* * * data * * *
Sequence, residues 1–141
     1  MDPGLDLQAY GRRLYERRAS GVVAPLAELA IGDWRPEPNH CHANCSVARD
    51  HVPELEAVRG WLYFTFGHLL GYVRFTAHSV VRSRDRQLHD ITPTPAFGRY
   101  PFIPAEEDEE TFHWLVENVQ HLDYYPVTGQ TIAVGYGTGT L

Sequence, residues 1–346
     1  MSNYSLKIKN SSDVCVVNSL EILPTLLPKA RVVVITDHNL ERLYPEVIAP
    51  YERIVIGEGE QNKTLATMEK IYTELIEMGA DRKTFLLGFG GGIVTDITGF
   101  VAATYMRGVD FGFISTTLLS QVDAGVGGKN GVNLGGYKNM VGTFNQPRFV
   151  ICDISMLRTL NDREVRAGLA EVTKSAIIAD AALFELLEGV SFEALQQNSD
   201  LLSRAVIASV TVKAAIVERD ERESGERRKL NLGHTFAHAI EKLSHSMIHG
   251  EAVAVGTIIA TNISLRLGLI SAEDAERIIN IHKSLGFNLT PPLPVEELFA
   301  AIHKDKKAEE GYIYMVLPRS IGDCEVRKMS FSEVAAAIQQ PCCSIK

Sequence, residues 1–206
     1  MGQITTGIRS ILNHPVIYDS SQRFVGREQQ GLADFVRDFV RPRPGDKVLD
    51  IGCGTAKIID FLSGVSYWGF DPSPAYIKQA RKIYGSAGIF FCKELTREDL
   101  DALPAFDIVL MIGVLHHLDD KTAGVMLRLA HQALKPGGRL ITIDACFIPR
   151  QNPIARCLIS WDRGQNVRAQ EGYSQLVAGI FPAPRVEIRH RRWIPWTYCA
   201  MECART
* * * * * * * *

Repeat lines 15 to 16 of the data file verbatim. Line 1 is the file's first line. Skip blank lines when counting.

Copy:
    51  IGCGTAKIID FLSGVSYWGF DPSPAYIKQA RKIYGSAGIF FCKELTREDL
   101  DALPAFDIVL MIGVLHHLDD KTAGVMLRLA HQALKPGGRL ITIDACFIPR